It is necessary to remind the politicians based in Brussels and Berlin once again how interdependent the future of Europe and the fate of Turkey are
For a while now, counterterrorism has turned into a black hole creating tensions between Turkey and its Western allies. The allying capitals, which used to criticize Ankara for condoning Daesh, is now leaving Turkey alone in the fight against the outlawed PKK and Gülenist Terror Group (FETÖ).
Despite listing the PKK as a terrorist group, the U.S. and some prominent European countries have provided weapon aid to the Democratic Union Party (PYD) and its armed wing People's Protection Units (YPG), which constitutes one of Turkey's primary concerns. On top of that, anti-Turkey diaspora groups of FETÖ have been ensconced in some Western capitals.
Washington, however, has been taking some new steps with regard to comprehending Turkey's concerns. For instance, it has been disposed to adopt a more moderate approach with regard to FETÖ leader Fetullah Gülen's extradition following Justice Minister Bekir Bozdağ's visit. Also, a new agreement has been made on the matter of purging YPG forces from Manbij. In contrast to that, the tension in the EU-Turkey relations is climbing.
For example, after German Justice Minister Heiko Maas stated that they would not extradite the fugitive FETÖ-affiliated prosecutors, Chancellor Angela Merkel also harshened her attitude toward Turkey. With regard to the recent operation launched on the Cumhuriyet daily, Merkel said they are concerned about the operation's compatibility with the superiority of law and added that press freedom plays a leading role in EU negotiations.
Turkish President Recep Tayyip Erdoğan also harshly responded to this criticism: "We are as a matter of fact concerned about the situation in Germany. You are inviting terrorism. The terrorism threat will return and hit you like a boomerang. We do not expect anything from you, but you will be remembered throughout history as the ones inviting terrorism. We are concerned that Germany will turn into the backyard of FETÖ."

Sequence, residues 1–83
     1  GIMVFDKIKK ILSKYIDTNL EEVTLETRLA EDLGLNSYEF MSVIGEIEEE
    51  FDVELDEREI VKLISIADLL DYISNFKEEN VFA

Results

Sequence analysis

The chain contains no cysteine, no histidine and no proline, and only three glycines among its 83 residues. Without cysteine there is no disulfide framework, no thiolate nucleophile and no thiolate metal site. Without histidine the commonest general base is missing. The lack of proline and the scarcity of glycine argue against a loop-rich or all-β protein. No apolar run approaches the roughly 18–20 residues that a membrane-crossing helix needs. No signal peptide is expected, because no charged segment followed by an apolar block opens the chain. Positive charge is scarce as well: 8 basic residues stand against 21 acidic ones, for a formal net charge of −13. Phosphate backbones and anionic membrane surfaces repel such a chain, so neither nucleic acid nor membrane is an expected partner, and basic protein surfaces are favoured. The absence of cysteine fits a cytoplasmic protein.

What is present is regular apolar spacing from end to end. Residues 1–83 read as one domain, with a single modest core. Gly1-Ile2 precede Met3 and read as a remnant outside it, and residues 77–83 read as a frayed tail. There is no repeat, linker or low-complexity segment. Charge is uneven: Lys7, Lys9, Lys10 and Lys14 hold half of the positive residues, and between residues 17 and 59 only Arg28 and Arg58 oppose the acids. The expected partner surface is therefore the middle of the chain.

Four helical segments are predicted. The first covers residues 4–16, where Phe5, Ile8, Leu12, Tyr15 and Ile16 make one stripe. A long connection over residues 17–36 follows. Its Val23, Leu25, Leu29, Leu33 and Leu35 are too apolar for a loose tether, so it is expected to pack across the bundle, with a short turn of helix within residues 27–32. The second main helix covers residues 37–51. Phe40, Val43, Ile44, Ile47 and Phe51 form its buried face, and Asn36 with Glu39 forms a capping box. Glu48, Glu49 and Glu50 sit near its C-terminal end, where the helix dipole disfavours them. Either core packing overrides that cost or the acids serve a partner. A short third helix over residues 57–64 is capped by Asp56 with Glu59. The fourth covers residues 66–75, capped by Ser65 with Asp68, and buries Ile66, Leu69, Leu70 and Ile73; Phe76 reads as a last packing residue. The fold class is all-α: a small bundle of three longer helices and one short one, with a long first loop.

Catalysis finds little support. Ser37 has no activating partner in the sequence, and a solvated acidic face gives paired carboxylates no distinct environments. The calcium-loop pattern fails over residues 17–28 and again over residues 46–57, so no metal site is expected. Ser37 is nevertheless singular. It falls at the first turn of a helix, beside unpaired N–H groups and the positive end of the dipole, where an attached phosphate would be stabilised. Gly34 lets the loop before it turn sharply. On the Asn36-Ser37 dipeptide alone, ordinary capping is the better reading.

The EU, which is unable to understand how gravely the July 15 coup attempt threatened our country, could not perform the requirements of the negotiation process in the context of counterterrorism. They even seem to forget the harsh stance they adopted against the Daesh threat when three dangerous terrorist groups, namely the PKK, Daesh and FETÖ, simultaneously threaten Turkey, a democratic country. While mutual concerns are growing, the tension has been escalating to an alarming level. Even though the negotiation process is blocked, the joint interests of the EU and Turkey necessitate downscaling the level of tension.
Some of these interests include major subject matters such as the level of economic integration, the fate of refugees, the interdependency of safety issues and the reflections of the U.S.-Russia tension in Europe.
Providing safety in Europe and consequently avoiding the erosion of democracy across Europe through radical right-wing movements are strictly dependent on Turkey's stability. The July 15 insurrection is the most significant evidence demonstrating that this does not solely comprise of a blackmailing activity aiming to subjugate Erdoğan to Europe.
Had the coup attempt succeeded, Europe, which could not even cope with 3 million Syrian refugees, could not have managed the problems that would have emerged with the chaos breaking out in Turkey, which has a population of 80 million.
It will not be a surprise if the discussions of "aiding terrorism" and "decline of press freedoms" are immediately linked to the subjects of "visa exemption" and "readmission of refugees." Using the journalists as an excuse, EU circles are talking about suspending the issue by the end of 2018.
Ankara, meanwhile, is likely to annul the agreement of readmission of refugees before the end of the year unless visa exemption is granted. For this very reason, the refugee issue tends to get off the rails as a problem that might turn the dreams and expectations of European politicians into a nightmare.
Germany has a critical role in stopping this problematic course of events. Unfortunately, the Merkel government failed to implements its plans on the refugee issue. And now, they are facing Turkey's opposition on the FETÖ issue.
In brief, I guess it is necessary to remind the politicians based in Brussels and Berlin once again how interdependent the future of Europe and the fate of Turkey are.
About the author
Burhanettin Duran is General Coordinator of SETA Foundation and a professor at Social Sciences University of Ankara. He is also a member of Turkish Presidency Security and Foreign Policies Council.